09 May 2009

LGSG: Homemade Laundry Care

Laudry is one of the easiest places to start your transition to saving money and the environment. I've always been a fan of natural laundry detergent, but I've not been a fan of the price tag.

A while back, I came across Wildwood Mama's tutorial for homemade laundry soap, and I was intrigued. Our detergent supply was getting low, and I really didn't want to pay store prices. I also wanted something that would be better for our family, so I decided to give it a try.

Much to my suprise, the soap worked wonderfully! It was simple to make. I simply grated the soap while watching a movie with my husband. I've tried both the liquid and the powder versions, and I've used a variety of bar soap. Also, the ingredients were very inexpensive. You'll need a fresh bar of soap per batch, but the boxes of baking soda, borax, and washing soda will porvide you with several batches of detergent.

I prefer the dry powder because it saves me the extra step of dissolving the soap and adding the water. I also prefer Fels Naptha or castile soap for the bar. They seem to work the best for the kinds of dirt we face, but you can use any type of bar soap, even bath soap, for your detergent. You can grate your soap with a handheld grater or use a food processor. Due to the baking soda/detergent combination, your laundry will not have a scent when it is done. This is a little unsettling for some. Personally, as long as it doesn't stink, I'm good. =)

The recipes:

Combine 1 bar soap (grated)
1 cup baking soda
1 cup washing soda
1 cup borax
Use 2 TBSP per load of laundry

Grate 1 bar soap. Place in a large pan on the stove. Add 2 1/2 cups boiling water, 1 cup baking soda, 1 cup washing soda, and 1 cup borax . Dissolve over low heat. Once dissolved, add 2 1/2 gallons hot water. Stir well to combine. The detergent will take a day or two to set. The consistency of the soap will depend on what type of bar soap you use. This is okay. Just be sure to stir well before using.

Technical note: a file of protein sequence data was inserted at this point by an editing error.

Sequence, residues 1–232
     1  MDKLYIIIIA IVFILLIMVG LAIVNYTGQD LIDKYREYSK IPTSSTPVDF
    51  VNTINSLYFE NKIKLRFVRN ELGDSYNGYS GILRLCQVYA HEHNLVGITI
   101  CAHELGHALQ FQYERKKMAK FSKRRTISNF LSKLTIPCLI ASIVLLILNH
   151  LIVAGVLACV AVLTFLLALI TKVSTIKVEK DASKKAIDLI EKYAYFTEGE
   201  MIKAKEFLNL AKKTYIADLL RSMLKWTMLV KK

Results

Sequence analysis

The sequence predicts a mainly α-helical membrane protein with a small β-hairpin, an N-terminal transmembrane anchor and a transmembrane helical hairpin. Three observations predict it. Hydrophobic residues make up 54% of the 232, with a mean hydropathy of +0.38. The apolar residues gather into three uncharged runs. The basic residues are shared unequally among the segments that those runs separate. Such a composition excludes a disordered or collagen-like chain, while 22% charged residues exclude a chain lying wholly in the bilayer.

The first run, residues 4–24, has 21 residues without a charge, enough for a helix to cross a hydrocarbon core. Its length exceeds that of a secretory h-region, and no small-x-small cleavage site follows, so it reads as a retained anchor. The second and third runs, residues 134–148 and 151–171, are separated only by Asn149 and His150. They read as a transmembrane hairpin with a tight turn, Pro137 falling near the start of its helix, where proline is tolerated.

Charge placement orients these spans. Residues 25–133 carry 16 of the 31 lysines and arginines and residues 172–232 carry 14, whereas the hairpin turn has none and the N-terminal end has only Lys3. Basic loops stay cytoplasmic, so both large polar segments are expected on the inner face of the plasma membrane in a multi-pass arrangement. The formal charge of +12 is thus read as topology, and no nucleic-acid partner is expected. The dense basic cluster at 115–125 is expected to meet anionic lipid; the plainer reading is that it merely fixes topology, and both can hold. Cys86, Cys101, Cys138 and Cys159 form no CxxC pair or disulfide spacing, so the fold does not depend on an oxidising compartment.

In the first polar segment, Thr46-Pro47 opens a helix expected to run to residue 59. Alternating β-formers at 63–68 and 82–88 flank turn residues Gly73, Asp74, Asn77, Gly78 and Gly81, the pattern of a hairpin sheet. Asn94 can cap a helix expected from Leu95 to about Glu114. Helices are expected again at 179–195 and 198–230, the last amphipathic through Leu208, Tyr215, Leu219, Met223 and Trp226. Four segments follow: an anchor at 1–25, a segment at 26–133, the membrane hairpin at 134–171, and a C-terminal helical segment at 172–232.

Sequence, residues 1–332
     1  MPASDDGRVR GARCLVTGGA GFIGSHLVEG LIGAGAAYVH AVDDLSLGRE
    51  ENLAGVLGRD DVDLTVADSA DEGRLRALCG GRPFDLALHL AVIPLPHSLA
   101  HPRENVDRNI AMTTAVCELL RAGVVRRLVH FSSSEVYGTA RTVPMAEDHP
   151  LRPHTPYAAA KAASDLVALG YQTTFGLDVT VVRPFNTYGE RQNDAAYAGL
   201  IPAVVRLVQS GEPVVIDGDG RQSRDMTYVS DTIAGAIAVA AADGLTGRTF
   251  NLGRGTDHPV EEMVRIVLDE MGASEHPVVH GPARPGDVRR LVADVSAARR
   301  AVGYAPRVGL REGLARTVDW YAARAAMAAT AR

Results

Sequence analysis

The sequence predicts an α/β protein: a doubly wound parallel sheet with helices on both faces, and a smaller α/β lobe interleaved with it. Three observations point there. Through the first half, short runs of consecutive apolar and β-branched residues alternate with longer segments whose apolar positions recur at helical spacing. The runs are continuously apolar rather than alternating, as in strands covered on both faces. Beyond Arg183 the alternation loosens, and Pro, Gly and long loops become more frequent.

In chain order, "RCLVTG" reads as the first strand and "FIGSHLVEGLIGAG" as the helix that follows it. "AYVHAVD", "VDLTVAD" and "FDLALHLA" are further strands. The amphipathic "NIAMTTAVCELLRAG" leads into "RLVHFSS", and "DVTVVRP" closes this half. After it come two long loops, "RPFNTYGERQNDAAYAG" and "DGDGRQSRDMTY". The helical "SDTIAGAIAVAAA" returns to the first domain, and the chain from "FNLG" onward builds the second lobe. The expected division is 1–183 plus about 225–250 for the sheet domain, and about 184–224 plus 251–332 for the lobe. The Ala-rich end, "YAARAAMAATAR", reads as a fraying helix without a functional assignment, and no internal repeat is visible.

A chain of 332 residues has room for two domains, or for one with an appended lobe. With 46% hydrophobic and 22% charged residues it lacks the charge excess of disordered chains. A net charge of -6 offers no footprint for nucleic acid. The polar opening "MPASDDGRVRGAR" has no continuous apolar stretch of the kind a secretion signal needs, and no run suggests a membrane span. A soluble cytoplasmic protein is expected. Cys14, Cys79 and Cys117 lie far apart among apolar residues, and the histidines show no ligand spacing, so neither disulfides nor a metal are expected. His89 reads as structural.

Use 1/2 cup per load of laundry

Dissolve 1 1/2 TBSP corn starch in 1 pt cold water in a spray bottle. You may add a drop or two of essential oil if desired.

In a spray bottle combine,
1/2 cup ammonia
1/2 cup liquid laundry soap (use your homemade or castile)
1/2 cup vinegar
1/2 cup water
Since this recipe contains ammonia, be sure to test a hidden part of your clothing for discoloration first.

Fels Naptha bar
Castile soap
Peroxide -- works great on natural stains and blood stains

You may simply use 1/2 c vinegar
Combine 2 cups vinegar very slowly with 2 cups baking soda. A large pot or bowl works best to prevent overflow. Add 4 cups water. Use 1/4 cup per load.

Have any natural and frugal laundry tips you'd like to share? Feel free to leave a link in the comments section. You are also welcome to the button to use for frugal and green posts.


Nicole said...

does this work in front loaders?

Beulah said...

All research I've done has said that it does. I'd put it in with the clothes rather than in the dispenser to be safe since the soda is mildly abrasive.